For those looking for a totally unique gin experience, you can explore the bar’s vintage cocktails – but check the prices with the bartenders before you order! These cocktails are created with vintage spirits – it currently has vintage Gordon’s and Booths on offer – which can be mixed into a Hanky Panky, White Lady or Negroni. With the Booths no longer in production, it’s a chance to taste liquid history. Schulte, who has the task of sampling the vintage gins to determine which cocktails they should feature in, explains what to expect: “They are a bit more smooth after all these years, so I guess there has been some evaporation. But the gins were definitely produced differently than today; the flavour is exceptional, I think.”


For many young bartenders, their first experience of the American Bar and The Savoy will be through the world-famous Savoy Cocktail Book, written by Harry Craddock in 1930 and considered to be one of the first books to catalogue cocktail recipes. With more than 700 recipes listed, from the well-known to the forgotten classics and the downright bonkers, they were just some of the supposed 2,000 recipes that Craddock chronicled on index cards during his time behind the bar.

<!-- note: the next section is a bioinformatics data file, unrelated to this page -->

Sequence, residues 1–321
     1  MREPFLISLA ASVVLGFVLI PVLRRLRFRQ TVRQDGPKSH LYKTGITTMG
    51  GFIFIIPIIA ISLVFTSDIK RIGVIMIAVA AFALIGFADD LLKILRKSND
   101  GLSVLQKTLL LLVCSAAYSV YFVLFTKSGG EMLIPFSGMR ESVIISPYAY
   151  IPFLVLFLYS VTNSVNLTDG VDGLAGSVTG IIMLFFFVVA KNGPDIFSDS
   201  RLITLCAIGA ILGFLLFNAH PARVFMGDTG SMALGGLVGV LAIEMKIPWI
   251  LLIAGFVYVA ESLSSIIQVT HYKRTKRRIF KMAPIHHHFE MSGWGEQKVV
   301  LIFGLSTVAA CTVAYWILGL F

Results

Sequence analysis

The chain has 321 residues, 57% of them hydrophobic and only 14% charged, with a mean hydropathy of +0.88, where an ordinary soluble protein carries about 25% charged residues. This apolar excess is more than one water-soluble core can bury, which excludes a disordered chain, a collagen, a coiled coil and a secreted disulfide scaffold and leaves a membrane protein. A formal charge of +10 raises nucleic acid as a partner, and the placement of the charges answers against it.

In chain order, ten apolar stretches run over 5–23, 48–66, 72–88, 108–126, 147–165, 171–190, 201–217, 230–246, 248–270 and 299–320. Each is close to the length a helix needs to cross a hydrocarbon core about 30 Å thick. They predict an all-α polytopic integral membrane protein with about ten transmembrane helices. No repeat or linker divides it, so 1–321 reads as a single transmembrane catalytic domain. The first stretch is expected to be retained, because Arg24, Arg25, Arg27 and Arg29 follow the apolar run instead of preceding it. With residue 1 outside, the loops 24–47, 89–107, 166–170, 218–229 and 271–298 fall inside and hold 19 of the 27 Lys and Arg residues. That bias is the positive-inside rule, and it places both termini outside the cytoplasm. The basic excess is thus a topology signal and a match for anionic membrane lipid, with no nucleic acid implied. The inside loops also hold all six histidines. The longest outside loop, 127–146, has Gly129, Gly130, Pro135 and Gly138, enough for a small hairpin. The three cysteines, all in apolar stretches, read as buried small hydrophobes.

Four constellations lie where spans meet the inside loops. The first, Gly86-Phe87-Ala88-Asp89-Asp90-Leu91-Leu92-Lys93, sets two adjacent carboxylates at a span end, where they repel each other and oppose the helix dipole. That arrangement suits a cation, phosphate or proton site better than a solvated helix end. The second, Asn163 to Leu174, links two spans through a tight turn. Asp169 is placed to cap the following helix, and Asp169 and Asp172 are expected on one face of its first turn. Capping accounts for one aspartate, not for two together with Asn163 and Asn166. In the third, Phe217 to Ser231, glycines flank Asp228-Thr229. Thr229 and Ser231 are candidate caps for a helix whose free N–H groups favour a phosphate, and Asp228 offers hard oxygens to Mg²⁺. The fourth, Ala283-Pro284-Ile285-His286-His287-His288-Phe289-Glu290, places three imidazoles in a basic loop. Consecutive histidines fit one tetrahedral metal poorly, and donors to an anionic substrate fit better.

One of his most famous creations, the White Lady, was adapted from a recipe by Harry MacElhone and remains a favourite to this day. It is said that Craddock buried a White Lady cocktail in a flask in one of the walls of the American Bar when he stepped down as head bartender, a hallmark of his for years to come. While other flasks he hid at The Dorchester were discovered decades later, the flask hidden at the American Bar has never been found, even during its refurbishment in 2010.

American Bar alumna Ada Coleman remains the most well-known female bartender of all time. Not only is she the only female to hold the head bartender role, but during her tenure from 1903 to 1926 women weren’t often seen in the bar, let alone behind one. Her gin-based cocktail the Hanky Panky is still extremely popular, according to Schulte. “We have many guests that come to try our version, and sit at the bar just for that one drink.” 

With all this history around them, Schulte and his team still focus on old-school hospitality. “I find all my interactions with our guests special,” he says. “In the end this is the reason that I love my job.” This is why many, including myself, love the American Bar. There is something quite special about pulling up a bar stool and being made a gin cocktail by a team who understand the gravitas and the history around them, who are passionate about leaving their own legacies through the cocktails they create and the memories that they help their guests to forge. Memories that couldn’t be spoiled, even by saying somethin’ stupid like “I love you”.